CAMBRIDGESHIRE, kamel-brij-shịr, a co. in the E. part of England, N. of London. Pop. 164,459.

Cam'-DEN, a co. in the N. E. part of N. C., bordering on Va. Pop. 5,663. Co. t. New Lebanon.

Camden, a co. forming the S. S. E. extremity of Ga., bordering on the sea and St. Mary's r. Pop. 6,075. Co. t. Jeffersonton.

CAMPAGNA di Roma, kảm-pån -yå de rol-må, a prov. of Italy, in the S. part of the Papal State, nearly corresponding in limits with the ancient Latium.

CAMPBELL, kaml-el, a co. in the S. part of Va., bordering on James r. Pop. 21,030. Seat of justice, Campbell c. h.

CAMPBELL, a co. in the N. W. central part of Ga., intersected by the Chattahoochee r. Pop. 5,370. Co. t. Campbellton.

CAMPBELL, a co in the N. part of Tenn., bordering on the Clinch r. and Ky Pop. 6,149. Co. t. Jacksborough.

CAMPBELL, a co. in the N. part of Ky., bordering on the Ohio r. Pop. 5,214. Co. t. Newport.

CAMPBELLTOWN, kam'-el-town, a seaport of Scotland, in Argyleshire, 65 m. W. by S. from Glasgow. Pop. 5,028.

CAMPEACHY, kam-peel-che, (Mex. Campeche, kåm-pdl-chan) a forti.

ou, as in our; th, as in thin; th, as in this; n, nearly like ng. fied t. of Yucatan, Mexico, on a bay of the same name. Lat. 20° N., Lon. 90® 30 W. Pop. 18,000. (P. C.)

Campo-Basso, kảm/-po-bås -so, an important commercial and manufacturing t. of Naples ; cap. of the prov. of Molise (mo-leel-sd). The best cutlery made in the kingdom is produced here. Lat. 41° 37' N., Lon. 14° 27' E. Pop. 8,000. (B.)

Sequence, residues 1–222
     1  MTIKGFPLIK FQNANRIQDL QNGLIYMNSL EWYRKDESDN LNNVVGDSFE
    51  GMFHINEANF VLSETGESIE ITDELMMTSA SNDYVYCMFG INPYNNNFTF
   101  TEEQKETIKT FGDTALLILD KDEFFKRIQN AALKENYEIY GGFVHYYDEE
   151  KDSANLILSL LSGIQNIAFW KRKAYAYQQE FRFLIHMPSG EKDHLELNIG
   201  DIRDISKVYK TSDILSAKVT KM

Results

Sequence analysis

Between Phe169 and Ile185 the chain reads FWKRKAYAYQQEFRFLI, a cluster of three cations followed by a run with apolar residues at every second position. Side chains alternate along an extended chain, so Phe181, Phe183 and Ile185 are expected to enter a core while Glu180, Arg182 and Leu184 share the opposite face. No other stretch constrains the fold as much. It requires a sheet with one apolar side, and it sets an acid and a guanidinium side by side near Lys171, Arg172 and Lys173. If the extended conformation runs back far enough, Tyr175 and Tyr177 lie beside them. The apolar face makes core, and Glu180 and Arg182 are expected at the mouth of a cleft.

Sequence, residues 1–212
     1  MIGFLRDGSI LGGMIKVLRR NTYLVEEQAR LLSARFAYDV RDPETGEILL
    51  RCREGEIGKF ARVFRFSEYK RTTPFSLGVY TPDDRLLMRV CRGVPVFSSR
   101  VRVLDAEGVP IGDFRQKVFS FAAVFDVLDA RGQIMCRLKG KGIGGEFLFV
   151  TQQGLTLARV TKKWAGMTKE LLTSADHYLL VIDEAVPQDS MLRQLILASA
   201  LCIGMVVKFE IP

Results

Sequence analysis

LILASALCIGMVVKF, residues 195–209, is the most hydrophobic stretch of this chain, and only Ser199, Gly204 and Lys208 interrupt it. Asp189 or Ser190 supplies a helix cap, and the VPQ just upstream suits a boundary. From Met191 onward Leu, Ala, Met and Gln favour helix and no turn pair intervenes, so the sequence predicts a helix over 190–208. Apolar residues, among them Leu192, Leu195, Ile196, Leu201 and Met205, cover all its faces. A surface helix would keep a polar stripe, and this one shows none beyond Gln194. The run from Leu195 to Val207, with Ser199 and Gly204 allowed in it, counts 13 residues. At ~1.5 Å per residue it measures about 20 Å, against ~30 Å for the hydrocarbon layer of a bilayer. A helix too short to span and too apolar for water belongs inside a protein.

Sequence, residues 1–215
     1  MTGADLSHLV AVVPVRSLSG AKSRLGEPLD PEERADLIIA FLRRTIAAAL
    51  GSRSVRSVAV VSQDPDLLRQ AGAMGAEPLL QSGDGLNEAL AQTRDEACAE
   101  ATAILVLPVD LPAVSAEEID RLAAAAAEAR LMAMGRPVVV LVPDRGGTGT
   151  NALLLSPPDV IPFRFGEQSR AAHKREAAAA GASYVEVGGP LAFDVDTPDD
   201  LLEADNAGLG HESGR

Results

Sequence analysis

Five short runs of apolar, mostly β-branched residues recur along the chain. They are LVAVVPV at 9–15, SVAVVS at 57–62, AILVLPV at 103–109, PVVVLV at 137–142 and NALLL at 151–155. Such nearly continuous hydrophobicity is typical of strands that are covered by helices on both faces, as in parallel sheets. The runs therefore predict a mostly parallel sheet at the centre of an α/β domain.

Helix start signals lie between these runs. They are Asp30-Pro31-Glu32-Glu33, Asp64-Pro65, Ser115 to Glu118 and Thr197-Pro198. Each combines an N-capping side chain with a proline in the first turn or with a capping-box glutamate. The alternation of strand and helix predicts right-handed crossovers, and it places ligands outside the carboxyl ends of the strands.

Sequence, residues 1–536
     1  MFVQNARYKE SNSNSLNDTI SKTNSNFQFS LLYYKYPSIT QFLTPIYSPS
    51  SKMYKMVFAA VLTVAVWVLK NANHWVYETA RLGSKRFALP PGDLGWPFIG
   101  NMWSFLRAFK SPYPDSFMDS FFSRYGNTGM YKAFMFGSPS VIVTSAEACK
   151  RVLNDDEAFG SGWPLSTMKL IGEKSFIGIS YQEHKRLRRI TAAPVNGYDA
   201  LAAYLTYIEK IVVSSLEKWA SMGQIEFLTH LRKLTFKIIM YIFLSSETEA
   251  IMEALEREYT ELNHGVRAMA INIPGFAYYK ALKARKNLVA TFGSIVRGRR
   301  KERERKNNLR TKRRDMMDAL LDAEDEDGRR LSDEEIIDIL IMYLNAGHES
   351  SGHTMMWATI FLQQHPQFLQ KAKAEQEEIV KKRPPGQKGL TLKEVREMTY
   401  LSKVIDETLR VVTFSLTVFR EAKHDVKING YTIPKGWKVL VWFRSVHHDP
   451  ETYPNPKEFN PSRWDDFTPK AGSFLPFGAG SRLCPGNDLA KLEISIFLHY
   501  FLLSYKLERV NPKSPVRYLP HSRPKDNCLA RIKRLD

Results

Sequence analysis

CAN'-A-DA, an extensive country of N. America, belonging to Great Britain, extending from 64° 15' to near 91° W. Lon. Its southern extremity (the S. point of Pelee Island, in Lake Erie), is in about 41° 45' N. Lat. On the N. its limits are not defined. It is usual to consider all the territory N. of the great lakes, which is drained by the rivers that fall into the St. Lawrence, as belonging to Canada. It is bounded on the N. by the British possessions round Hudson's Bay and by Labrador, E. by the Gulf of St. Lawrence, S. by New Brunswick and the United States, and W. by the British territories, between which and Canada the limits do not appear to be accurately defined. Canada was formerly divided into Upper and Lower, but the two provinces were united in 1841, by an act of the British parliament. As, however, this country has been so long known by the names of the former provinces, it may not be improper to give these a passing notice. Upper Canada (now called Canada West) is situated on the right of the r. Ottawa, by which it is separated from Lower Canada, and extends westward along the chain of the great lakes. Area vaguely estimated at 140,000 sq. m. Pop. in 1835, 336,461. Capital, Toronto. Lower Canada (Canada East) lies chiefly on the left of the Ottawa, and extends on both sides of the St. Lawrence, to its mouth, in the Gulf of St. Lawrence. Area estimated at 200,000 sq. m. Pop. in 1830, 511,917. (M.) More than three-fourths of the inhabitants of Lower Canada are of French descent, and French is the prevailing language. Quebec was formerly the capital of this province and of all the British possessions in N. America. The entire pop. of Canada, according to the recent census, is about 1,300,000. Montreal is the present seat of gow verninent.—Adj. and inhab. CAN-A-DI-AN.